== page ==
It’s official: the United States and China have reached a mutual agreement on global warming. President Obama and Chinese President Xi Jinping together pledged to take significant steps to reduce their respective countries’ contribution to climate change. The U.S. agreed to deepen emissions reductions from 17% to 26-28% over 2005 levels by 2025, while China pledged to peak its carbon dioxide emissions by 2030. Although the agreement was expected, the announcement represents a landmark achievement that promises to transcend the divide between developed and developing countries that has long hamstrung global climate negotiations. Moreover, the announcement contains a number of creative initiatives that can help deepen U.S.-China cooperation to address climate change. But neither side can be complacent. To realize the promise of this week’s accord, Washington must strengthen engagement with other major economies, and ensure that measures are in place to make Beijing’s commitments credible.
What makes this week’s agreement so important is that it represents the first time that a major developed country and a large developing country have mutually committed to limiting or reducing carbon dioxide emissions, the principal cause of climate change. It also effectively buries the hatchet between the United States and China over the climate issue – in 1997, Washington withdrew from negotiations over the Kyoto Protocol, the world’s only binding international agreement to limit carbon emissions, citing China’s refusal to limit its own emissions. Subsequently, American inaction gave China and other large developing countries a convenient excuse to avoid making commitments on climate change. With Obama and Xi’s agreement, this Sino-American deadlock has been broken. But now comes the hard part – Washington must translate this bilateral achievement into a new multilateral agreement to replace the Kyoto Protocol, currently scheduled to expire in 2020.
In order to build on this momentum, both the United States and China must engage other large economies in order to ensure a new agreement covers all major sources of climate change. Among these, India is a crucial player. Its emissions are increasing rapidly, and are expected to surpass those of the European Union by 2019. Despite this, India has long resisted even discussion of limiting its emissions, claiming, and not without reason, that poverty reduction and expanding access to energy must come first. But China’s agreement to limit its own emissions denies New Delhi its most convenient source of political cover, and puts its own climate policy in the spotlight. The United States and China should leverage their recent announcement to press India to act aggressively on climate change, and help to conclude a new global climate treaty over the next year.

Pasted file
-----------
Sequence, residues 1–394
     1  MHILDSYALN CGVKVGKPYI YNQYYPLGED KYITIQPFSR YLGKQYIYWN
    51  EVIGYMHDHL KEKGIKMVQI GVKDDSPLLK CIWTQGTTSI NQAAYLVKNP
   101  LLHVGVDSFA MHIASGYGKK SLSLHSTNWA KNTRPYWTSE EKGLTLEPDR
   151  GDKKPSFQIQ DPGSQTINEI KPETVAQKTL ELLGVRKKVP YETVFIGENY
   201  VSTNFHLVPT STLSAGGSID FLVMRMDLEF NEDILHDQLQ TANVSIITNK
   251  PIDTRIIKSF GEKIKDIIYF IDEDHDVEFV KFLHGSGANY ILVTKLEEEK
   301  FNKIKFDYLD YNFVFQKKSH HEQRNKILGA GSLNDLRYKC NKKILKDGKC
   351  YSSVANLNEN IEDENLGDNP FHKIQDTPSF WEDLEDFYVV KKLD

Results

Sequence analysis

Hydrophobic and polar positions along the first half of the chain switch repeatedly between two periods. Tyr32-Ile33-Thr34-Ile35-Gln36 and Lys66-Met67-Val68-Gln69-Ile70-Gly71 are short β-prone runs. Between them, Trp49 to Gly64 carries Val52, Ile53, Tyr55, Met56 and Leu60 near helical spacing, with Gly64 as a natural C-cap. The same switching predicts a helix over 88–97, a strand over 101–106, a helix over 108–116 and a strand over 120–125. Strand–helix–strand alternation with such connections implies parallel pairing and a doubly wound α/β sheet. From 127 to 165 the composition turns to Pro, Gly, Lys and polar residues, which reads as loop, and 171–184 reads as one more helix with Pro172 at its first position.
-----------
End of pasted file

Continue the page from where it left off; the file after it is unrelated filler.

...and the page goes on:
At the same time that Washington should leverage its agreement with Beijing, it must also ensure that China builds the capacity to make its commitments credible. Keeping track of emissions, referred to as measurement, reporting, and verification (MRV) is challenging for all large economies, but China has a patchy track record in this area. Several years ago, a massive, long-running scam was uncovered in which Chinese factories deliberately increased emissions of greenhouse gases, and then charged foreign firms to reduce them under an emissions-offset program. Other countries will be hesitant to new emissions commitments unless they can be assured such incidents won’t be repeated by others. Accordingly, the United States must continue to work with China to increase its capacity to accurately track and certify its greenhouse gas emissions.
Indeed, although news headlines focused on emissions targets, the fine print of the U.S. – China joint announcement offers the greatest promise for this kind of strengthened cooperation on climate change. Other areas covered by the agreement include new partnerships linking water scarcity and sustainable energy, a demonstration project for carbon capture and storage (CCS), and a sustainable cities initiative. Integrating energy and water issues promises to expand U.S. – China climate cooperation from an almost exclusive focus on emissions mitigation to one that also helps both countries adapt to climate change. Greater cooperation on CCS, meanwhile, will help develop a technology that is needed to help wean the world off fossil fuels by storing carbon dioxide deep underground instead of releasing it into the atmosphere. The sustainable cities initiative, finally, builds on dynamic sub-national action on climate change in both the United States and China, with the leaders of places as diverse as New York and Jiangsu Province pledging to work together to reduce emissions. Washington must devote serious resources to ensure that these initiatives fulfill their promise.
This week’s agreement is the most hopeful sign in years for global efforts to address climate change. But standing before the cameras was the easy part. Having set the bar a bit higher, Washington and Beijing must now lead the rest of the world over it.
Scott Moore is a Council on Foreign Relations International Affairs Fellow, and studies Chinese environmental policy.
Image: The White House.